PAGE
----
2019 Annual report of the Center for Products Business
from your Center,
It is hard to believe that another year has passed and we will soon be welcoming 175 students back to our department. Many of you have hired them for summer internships and I want to thank you for helping us with their education. The department remains committed to have our students prepared to “hit the road running” when they graduate, and your internships are vital for them getting experience in the forest products industry. We currently have one of the largest undergraduate enrollment in the department’s 40 year history. We graduated over 50 students last May, with most of them finding employment within the industry.
As you are probably aware, the new
generation of student (and future employee) is somewhat different than when I
started in the industry in 1974. While
the baby boomer generation was interested in finding a long-term career and
moving up the ladder, students today have different goals (and maybe
better). They are more concerned about
social responsibility, sustainability, serving society, and participating in
decision making, than the bottom line on the balance sheet. They tend to stay with companies for less
time and are more mobile than my generation.
To help meet this changing need, the department hired a new faculty in
the area of the circular economy that started this August. She will be focusing on the life-cycle
analysis and recycling as it applies to the biomaterials’ industry. I share this with you to let you know we are
adjusting our departments’ instructional techniques and classes to meet this
new student. Our classes focus on
hands-on learning techniques and team building skills so they know how to
effectively work with others in a job environment. Repeatedly, when we ask employers what do
students need to be successful, it is their social, leadership, communication,
and organizational skills that rate higher than their technical skills to be
successful in your organizations.
On a personal note, in preparation for my retirement in 2021, I am stepping down at Department Head the end of this year. There is currently a job search being conducted to find my replacement. We hope to have someone in place by January. It has been an honor to serve in this role for seven years, and now I must plan for my next adventure in life. I want to thank you for your continued support of our programs. I hope you will contact us with your needs for employees or summer interns. Many of our classes have projects and if you need a short specific project investigated, please contact me and I will see if we can work it into a class. Please feel free to contact me with any comments or suggestions to improve the program (email@example.com). Again, thanks for your support of our students and I wish you a successful year.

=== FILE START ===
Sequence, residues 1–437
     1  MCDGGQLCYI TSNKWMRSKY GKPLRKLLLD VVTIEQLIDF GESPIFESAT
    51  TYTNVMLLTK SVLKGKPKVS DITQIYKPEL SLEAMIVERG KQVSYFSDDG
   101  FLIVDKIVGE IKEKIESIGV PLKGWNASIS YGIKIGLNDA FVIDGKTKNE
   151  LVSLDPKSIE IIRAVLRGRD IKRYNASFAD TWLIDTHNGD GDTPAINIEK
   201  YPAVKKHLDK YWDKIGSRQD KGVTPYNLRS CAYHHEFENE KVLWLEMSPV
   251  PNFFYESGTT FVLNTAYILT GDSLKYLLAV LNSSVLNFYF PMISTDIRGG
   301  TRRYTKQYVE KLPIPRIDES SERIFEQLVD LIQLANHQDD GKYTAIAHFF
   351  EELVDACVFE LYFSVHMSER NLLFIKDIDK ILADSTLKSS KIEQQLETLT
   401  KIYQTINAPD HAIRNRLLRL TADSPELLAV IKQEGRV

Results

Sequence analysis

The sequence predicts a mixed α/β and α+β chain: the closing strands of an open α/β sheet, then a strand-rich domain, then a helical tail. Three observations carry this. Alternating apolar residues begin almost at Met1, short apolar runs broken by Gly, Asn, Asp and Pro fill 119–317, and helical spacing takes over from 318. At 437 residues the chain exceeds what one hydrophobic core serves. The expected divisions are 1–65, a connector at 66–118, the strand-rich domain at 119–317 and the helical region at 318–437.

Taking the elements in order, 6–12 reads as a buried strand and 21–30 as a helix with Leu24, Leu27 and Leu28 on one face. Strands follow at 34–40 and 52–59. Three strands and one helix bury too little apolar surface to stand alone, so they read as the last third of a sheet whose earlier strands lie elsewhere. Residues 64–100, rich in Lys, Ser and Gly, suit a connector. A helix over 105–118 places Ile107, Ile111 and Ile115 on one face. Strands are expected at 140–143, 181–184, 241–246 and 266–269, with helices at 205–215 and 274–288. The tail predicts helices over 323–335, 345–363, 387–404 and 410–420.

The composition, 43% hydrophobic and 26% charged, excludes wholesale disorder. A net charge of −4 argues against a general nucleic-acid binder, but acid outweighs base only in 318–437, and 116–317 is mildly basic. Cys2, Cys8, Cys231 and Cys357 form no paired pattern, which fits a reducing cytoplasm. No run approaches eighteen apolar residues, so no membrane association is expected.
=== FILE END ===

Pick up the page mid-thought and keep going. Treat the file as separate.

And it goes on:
Sustainable housing is one of the fundamental necessities for socio-economic development. Yet a considerable population of the developing world is living in substandard houses. On the other hand, developed countries like the United States have substantially improved the residential construction sector by engineering new materials and developing efficient systems.
This study attempts to link this supply capacity of the system built wood construction sector in the United States to urban low-income housing markets in the Latin-American region. Expansion to new markets and diversification to new products can rejuvenate this industry in the U.S. Linking the manufacturer with potential buyers overseas would need efficient production, logistics and marketing systems. This research is focused on product development for bottom-of-the pyramid buyers to give them an affordable yet sustainable alternative to traditional systems. Interviews and survey tools were used to assess key aspects of housing deficits in target demographics of the South and Central American regions. System built wood construction manufacturers in the U.S. were assessed to identify barriers and incentives for internationalization and how they differ from exporting to non-exporting manufacturers within the same industry. Findings indicate that developing products for social housing programs can provide access to potential untapped markets. Lack of existing wood construction in some of the selected markets indicates the possibility of resistance to acceptance but also assures no local competition. The learnings can also contribute to opening of new markets for exports of prefabricated wooden buildings in other housing sectors.